Dell just released a Microsoft Surface Studio style display

Dell's new Canvas 27 looks similar to Microsoft's Surface Studio. And Microsoft seems to be just fine with that. Here's why.
Written by Mary Jo Foley, Senior Contributing Editor

Late last year, word had it that Dell was making a Surface Studio clone: An all-in-one PC with a draft-table-type hinge.


Dell's new Canvas monitor

At CES on January 5, Dell took the wraps off its Canvas product, which looks like the Surface Studio in some ways, but is quite different in others.

The Canvas ships with a pen and a device that looks a lot like the Dial peripheral that Microsoft ships alongside its Surface Studio. Dell is calling these dial-like devices "totems."

But the Canvas is a 27-inch QHD display, not a full-fledged PC like the Surface Studio. It's designed to work with almost any Windows 10 PC. The Dell Canvas has a substantially lower resolution (2560X1440) than the Studio (4500X3000), as well as a lower price tag (starting at $1,800 once it's available starting March 30).

For what it's worth, Dell officials have said the company was working on the Canvas several years before Microsoft publicly revealed the Surface Studio in October 2016. According to today's press release, Dell developed the Canvas in partnership with Microsoft.

While I've heard many wonder aloud whether Microsoft officials are angry -- to the point of possibly suing OEMs which release near clones of Microsoft's own Surface hardware, Microsoft's chief marketing officer Chris Capossela recently told me and my Windows Weekly co-host Paul Thurrott that this isn't the case.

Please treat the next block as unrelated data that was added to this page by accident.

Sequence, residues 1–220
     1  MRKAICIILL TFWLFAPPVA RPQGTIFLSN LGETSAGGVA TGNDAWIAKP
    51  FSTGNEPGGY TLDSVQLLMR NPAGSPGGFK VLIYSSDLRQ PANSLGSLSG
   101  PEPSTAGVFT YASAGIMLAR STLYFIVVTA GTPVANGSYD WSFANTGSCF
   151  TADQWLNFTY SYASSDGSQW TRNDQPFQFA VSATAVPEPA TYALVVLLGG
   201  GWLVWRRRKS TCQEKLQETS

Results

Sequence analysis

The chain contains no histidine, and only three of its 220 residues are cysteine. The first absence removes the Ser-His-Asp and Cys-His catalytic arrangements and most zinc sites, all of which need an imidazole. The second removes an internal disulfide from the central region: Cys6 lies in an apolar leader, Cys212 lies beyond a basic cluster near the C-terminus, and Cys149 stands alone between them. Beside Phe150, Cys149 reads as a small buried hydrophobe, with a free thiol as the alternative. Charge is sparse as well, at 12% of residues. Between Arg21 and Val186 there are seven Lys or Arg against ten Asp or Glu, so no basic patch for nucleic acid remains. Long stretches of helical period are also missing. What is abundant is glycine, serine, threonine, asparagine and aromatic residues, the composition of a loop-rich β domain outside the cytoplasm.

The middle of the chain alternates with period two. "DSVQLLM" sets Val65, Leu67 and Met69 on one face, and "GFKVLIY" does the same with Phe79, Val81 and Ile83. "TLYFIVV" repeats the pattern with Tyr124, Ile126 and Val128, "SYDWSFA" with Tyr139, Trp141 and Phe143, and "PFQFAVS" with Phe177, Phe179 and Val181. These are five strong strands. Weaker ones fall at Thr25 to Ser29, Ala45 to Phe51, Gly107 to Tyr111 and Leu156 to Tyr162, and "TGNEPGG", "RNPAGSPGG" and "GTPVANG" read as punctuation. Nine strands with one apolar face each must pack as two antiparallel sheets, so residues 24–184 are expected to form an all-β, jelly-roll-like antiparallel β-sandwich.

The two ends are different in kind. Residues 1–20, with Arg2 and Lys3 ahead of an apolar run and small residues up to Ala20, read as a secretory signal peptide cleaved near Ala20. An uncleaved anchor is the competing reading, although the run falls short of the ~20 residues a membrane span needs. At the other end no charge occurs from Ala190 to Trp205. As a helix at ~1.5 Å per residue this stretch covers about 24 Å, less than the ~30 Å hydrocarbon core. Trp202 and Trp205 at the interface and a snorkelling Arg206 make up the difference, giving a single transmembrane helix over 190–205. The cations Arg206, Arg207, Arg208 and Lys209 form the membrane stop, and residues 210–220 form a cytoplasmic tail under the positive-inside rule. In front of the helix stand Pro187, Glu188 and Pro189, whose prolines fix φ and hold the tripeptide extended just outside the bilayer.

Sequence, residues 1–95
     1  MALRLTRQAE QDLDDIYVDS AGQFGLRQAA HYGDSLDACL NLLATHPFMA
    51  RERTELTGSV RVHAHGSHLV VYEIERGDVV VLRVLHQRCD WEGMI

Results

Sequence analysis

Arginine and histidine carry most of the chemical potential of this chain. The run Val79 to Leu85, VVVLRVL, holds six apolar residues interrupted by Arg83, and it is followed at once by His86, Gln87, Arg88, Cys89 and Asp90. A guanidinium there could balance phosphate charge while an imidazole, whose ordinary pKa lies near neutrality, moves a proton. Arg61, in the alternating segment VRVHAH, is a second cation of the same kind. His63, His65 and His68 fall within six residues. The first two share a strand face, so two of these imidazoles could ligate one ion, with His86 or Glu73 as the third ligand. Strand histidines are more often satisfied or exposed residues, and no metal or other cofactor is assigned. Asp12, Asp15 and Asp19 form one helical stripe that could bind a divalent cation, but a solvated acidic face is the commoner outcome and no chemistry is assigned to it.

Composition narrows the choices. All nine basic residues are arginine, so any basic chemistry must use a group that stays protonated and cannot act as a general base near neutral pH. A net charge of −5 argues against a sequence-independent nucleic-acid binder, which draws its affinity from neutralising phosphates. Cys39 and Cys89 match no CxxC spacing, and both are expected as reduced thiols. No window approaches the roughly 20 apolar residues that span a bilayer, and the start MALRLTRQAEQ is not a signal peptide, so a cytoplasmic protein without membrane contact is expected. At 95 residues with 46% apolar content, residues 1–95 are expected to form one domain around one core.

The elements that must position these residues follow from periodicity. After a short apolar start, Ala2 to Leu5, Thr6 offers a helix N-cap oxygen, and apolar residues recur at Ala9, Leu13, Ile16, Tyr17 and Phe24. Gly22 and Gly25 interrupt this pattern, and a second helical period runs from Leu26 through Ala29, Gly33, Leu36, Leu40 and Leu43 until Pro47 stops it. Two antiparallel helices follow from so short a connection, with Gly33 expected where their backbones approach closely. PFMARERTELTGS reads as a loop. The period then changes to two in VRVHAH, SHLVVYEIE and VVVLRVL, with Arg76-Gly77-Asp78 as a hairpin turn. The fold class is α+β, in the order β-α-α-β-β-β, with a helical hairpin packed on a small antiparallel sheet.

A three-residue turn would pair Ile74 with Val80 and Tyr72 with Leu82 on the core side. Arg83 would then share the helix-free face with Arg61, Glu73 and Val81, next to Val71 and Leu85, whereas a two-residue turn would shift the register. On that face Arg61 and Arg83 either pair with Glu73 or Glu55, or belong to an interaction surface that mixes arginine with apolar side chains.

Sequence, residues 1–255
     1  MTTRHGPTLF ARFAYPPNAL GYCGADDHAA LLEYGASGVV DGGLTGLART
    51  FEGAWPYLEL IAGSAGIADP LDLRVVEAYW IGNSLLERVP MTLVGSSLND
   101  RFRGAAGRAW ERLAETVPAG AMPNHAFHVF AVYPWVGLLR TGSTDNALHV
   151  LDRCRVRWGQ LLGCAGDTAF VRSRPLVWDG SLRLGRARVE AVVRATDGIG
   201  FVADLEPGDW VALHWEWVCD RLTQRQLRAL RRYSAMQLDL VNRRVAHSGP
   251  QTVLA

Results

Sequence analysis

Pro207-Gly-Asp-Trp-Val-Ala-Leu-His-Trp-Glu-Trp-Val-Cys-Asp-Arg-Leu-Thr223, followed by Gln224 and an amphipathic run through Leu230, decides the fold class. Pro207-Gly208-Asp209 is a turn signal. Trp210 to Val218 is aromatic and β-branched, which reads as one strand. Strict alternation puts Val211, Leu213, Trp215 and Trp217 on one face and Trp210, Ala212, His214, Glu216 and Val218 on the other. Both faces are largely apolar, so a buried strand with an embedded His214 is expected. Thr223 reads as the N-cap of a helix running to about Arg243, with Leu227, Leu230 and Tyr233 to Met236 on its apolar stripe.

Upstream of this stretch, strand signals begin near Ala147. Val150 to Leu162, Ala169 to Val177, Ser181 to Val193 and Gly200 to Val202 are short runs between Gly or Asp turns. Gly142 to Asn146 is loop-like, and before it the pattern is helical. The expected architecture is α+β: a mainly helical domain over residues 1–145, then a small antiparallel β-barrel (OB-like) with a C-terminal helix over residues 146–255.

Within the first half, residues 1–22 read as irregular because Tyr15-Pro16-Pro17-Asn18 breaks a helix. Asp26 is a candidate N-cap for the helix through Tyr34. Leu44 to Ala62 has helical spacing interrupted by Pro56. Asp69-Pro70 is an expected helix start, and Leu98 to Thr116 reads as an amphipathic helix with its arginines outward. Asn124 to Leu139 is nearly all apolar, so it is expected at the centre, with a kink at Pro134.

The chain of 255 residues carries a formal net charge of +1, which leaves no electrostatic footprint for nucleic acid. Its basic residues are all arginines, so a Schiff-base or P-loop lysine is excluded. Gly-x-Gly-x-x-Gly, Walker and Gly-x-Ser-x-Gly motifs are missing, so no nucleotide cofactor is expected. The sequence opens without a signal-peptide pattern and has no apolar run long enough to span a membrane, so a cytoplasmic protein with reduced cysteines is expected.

In building its own hardware, Microsoft's number one goal is "to create a new category of device and expand the totally addressable ecosystem," Capossela said. He added that Microsoft "expects" its PC partners to follow Microsoft's lead in these new device categories.

Capossela said that Microsoft's OEM/PC partners have the ability to scale their hardware production businesses far beyond what Microsoft itself can do. While Microsoft, of course, would like to build up its own hardware business, its executives' expectations are that Microsoft's main goal in building its Surface business is to create new device categories. It's a kind of lift-all-boats type thing at work.

Dell seemingly believes the company is creating its own category, calling the Canvas not just a monitor, but "the world's first horizontal smart workspace of its kind with touch, totem and pen capabilities."

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